PYEONGCHANG, South Korea — Intel, Korea Telecom and Toyota decided last June to install a commercial 5G test network in Korea for the Winter Olympics in PyeongChang, which drew to a close Sunday. The companies said the system — made up of 22 5G links spanning 10 different sites — delivered 3,800 terabytes of data during the two-week event.
The companies involved in the test effort built four main use cases to show off the technology, including a system that used hundreds of cameras to capture ice-skating athletes, footage that was then broadcast in real time to virtual reality viewers, according to fiercewireless.com. Viewers “could use the setup to select different locations from which to view the action and could also pause and replay specific parts of the performance.” Other test cases used connected Toyota automobiles and transmitted high-resolution pictures of cross-country skiers
KT said that the test paves the way for the launch of commercial 5G services, based on the 3GPP’s recently ratified 5G standard, in the country by the first quarter of next year, according to the same article.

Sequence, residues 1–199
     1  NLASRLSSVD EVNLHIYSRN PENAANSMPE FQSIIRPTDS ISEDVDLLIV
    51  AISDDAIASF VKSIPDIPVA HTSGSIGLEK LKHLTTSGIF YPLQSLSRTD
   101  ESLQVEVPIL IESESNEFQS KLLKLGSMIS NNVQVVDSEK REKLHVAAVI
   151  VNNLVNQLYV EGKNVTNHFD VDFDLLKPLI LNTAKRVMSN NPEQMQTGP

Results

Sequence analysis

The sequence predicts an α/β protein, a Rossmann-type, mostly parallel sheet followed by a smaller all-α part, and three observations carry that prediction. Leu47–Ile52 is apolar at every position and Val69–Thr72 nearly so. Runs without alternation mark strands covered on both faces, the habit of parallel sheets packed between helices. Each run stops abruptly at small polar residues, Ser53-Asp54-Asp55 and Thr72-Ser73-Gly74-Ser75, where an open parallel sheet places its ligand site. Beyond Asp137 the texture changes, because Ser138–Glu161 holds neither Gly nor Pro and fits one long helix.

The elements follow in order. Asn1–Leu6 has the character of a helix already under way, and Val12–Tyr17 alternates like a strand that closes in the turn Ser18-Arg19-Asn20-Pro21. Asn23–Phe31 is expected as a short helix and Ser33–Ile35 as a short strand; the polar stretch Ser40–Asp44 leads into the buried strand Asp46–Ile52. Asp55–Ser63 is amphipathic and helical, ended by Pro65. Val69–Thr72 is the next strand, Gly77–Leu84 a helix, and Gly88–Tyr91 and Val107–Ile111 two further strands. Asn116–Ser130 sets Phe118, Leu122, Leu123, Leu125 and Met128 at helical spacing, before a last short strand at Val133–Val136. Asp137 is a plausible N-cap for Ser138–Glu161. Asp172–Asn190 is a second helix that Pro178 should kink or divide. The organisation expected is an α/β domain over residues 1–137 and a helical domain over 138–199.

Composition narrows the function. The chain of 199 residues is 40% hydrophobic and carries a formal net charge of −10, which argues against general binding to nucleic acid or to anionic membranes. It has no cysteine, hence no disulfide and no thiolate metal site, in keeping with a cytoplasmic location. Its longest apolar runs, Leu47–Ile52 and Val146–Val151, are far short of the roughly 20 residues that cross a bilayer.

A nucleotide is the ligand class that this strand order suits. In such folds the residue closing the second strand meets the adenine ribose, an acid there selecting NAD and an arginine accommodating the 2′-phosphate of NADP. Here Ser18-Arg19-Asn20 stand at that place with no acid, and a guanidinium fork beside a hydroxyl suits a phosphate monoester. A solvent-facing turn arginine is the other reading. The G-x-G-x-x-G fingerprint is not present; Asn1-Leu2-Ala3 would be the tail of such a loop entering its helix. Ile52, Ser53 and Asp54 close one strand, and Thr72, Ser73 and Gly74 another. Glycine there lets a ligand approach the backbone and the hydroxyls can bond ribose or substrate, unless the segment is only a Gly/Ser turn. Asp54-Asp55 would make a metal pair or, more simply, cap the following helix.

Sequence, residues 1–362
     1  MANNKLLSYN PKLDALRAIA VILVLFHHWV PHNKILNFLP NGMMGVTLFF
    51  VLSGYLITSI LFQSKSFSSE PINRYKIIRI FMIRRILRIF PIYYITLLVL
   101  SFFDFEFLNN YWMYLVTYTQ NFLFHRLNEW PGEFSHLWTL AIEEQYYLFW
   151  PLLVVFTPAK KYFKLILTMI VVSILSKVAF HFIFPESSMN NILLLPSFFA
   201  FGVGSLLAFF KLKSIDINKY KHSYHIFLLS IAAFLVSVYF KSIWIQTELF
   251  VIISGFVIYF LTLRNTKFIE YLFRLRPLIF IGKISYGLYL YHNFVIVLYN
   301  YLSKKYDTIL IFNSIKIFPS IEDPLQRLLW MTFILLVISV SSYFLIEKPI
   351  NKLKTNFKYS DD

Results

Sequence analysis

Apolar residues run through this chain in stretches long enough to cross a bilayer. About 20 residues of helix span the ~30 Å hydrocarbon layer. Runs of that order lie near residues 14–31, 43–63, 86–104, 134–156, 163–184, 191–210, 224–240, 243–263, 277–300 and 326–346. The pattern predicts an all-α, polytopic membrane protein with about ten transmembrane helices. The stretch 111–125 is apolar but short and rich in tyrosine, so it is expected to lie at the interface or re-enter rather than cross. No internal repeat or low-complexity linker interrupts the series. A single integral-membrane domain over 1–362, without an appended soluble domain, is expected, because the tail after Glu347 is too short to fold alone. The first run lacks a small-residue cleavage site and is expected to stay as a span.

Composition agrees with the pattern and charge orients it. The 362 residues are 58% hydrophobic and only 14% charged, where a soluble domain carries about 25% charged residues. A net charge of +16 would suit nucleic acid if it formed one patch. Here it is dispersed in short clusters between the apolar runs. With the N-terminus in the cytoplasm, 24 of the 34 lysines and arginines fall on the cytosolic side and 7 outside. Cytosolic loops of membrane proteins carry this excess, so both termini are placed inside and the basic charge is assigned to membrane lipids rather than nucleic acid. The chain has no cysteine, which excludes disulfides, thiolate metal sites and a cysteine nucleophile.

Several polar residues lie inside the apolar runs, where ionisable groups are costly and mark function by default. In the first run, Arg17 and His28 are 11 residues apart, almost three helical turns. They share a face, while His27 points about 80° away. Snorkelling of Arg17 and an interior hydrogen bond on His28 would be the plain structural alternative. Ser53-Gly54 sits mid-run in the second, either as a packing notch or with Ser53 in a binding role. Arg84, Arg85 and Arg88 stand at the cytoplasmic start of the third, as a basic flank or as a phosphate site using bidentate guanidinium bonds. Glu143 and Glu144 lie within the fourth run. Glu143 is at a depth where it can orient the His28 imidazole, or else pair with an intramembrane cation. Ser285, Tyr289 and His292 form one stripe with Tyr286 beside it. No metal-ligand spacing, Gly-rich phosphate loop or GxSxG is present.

Here in the US, Verizon says it will be the first to deploy fixed and mobile 5G. "We're going to be first and we're committed to being first," Chris Schmidt, executive director of device technology at Verizon Communications told lightreading on Monday at this year’s Mobile Wireless Conference in Barcelona. Like KT, Verizon will be using the initial 3rd Generation Partnership Project (3GPP) 5G New Radio (NR) specification. Verizon will be moving to mobile "as soon as possible," Schmidt said, but exactly when will depend on the device makers, according to the same article. Several chipmakers have said that they will deliver a 5G modems in 2018.